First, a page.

I wanted my grandfather to die with dignity. I held onto to that not facing the reality that this strong man who worked his whole life, a World War II Veteran who served the country he loved, this loving husband and father was now bedridden and barely able to talk. Dignity had a different look in those moments.
I went to the grocery store with my son to pick up some necessities, and talked on the phone to my cousin, filling her in on what happened while she was away. She decided to come back that evening. After I brought groceries and some of my grandmother’s favorite colored flowers back to their house, my son and I went home. I talked to my son about dementia, death and dying. Though I was shaking inside, I held up my head and tried to be calm as tears flowed down my face. Being “strong” just wasn’t in my mind in that moment.
A week after he was supposed to pass, my grandfather continued to fight. He was still bedridden and his only movements were to rub my grandmother’s back. He barely ate, only a few spoonfuls of baby food someone bought him. He’d look at my grandmother and she would say, “one more bite,” he’d open his mouth as I held up the spoon to him. I was now feeding the man who fed me as I child. Anxiety and sadness intertwined with a deep sense of love I had for my grandfather.
As my cousin was preparing to fly back home to her husband and children we shared another conversation. I told her, “We both know grandpa is not going to leave grandma. He’s holding on to take care of her.” She agreed. I told her, “I didn’t want to say in front of grandma that it’s okay for him to leave. Someone needs to give him permission to die.” My cousin told me she had done just that earlier in the morning when our grandmother went to the bathroom. My cousin then decided she could not go home, she needed to stay a few days to be with our grandparents. It was a good decision.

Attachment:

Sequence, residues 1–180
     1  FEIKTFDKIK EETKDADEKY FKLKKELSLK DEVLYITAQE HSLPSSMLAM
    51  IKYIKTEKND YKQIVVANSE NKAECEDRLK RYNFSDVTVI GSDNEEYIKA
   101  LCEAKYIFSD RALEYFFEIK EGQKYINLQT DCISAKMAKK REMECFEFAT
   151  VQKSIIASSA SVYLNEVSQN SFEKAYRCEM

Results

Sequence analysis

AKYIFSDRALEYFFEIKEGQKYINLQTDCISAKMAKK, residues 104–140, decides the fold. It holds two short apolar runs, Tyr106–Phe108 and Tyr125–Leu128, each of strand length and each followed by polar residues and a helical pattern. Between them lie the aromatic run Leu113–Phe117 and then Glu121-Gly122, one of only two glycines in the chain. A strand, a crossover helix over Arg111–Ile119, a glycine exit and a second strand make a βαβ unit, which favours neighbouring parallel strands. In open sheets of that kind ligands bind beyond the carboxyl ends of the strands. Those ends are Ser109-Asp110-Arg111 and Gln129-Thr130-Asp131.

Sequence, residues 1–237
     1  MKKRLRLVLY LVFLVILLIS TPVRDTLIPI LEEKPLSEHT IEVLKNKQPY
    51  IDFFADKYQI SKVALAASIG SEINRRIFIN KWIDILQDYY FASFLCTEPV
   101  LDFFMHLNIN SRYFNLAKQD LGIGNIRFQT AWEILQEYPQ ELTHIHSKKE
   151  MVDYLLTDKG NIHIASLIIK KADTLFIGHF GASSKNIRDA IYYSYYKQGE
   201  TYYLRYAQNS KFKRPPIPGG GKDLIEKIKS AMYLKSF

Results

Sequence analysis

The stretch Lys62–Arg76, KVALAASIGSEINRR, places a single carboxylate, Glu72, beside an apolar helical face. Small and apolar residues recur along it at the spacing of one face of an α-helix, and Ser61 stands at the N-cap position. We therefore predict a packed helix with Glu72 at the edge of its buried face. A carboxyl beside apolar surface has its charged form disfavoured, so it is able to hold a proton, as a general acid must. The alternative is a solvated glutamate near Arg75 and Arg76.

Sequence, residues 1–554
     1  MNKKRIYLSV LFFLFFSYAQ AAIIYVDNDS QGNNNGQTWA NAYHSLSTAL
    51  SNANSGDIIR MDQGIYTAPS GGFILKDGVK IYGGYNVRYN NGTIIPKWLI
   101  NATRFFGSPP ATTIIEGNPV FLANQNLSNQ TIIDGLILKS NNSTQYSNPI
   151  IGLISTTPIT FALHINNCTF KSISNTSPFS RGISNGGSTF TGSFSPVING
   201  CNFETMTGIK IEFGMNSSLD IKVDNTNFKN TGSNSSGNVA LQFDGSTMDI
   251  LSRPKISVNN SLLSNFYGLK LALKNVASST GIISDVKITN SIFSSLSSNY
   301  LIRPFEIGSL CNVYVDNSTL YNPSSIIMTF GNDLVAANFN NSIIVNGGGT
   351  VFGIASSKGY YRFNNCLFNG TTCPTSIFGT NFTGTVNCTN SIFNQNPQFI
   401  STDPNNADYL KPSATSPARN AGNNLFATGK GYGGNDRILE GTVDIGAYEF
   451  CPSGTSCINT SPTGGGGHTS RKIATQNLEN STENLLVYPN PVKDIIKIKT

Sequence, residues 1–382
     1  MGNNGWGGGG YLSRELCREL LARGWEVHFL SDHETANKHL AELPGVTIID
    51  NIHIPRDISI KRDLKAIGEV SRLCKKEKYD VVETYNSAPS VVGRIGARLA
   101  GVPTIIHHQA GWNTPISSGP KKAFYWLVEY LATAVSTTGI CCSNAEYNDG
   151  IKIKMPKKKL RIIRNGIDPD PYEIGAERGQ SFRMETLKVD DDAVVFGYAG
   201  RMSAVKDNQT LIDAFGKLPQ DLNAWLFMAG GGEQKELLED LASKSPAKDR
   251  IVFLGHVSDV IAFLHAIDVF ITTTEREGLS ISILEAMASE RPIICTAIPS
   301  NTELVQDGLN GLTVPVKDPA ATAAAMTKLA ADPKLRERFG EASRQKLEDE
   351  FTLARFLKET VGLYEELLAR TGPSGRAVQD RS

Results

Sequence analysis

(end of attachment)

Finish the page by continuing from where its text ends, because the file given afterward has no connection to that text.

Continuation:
My grandfather held on 2–3 weeks after his “death date.” He stopped eating completely. I had gone home to make a final decision on an in-home caregiver. Tensions were rising and in the middle of some unnecessary family drama my grandfather went to sleep and stopped breathing. My cousin who lived there said he was glad he noticed before our grandmother.
On March 16, 2021, one month before my grandparents 75th wedding anniversary, my grandfather passed away next to his loving wife. He was 95 and lived a very long, fruitful life.